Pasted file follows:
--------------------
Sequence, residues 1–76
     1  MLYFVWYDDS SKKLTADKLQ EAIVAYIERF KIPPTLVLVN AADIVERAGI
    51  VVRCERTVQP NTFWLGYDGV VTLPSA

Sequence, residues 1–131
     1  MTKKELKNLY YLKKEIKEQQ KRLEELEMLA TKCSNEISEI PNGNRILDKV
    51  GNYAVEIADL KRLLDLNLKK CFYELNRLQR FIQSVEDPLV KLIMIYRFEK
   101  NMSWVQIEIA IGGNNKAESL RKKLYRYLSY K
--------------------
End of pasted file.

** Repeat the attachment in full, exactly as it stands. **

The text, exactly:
Sequence, residues 1–76
     1  MLYFVWYDDS SKKLTADKLQ EAIVAYIERF KIPPTLVLVN AADIVERAGI
    51  VVRCERTVQP NTFWLGYDGV VTLPSA

Sequence, residues 1–131
     1  MTKKELKNLY YLKKEIKEQQ KRLEELEMLA TKCSNEISEI PNGNRILDKV
    51  GNYAVEIADL KRLLDLNLKK CFYELNRLQR FIQSVEDPLV KLIMIYRFEK
   101  NMSWVQIEIA IGGNNKAESL RKKLYRYLSY K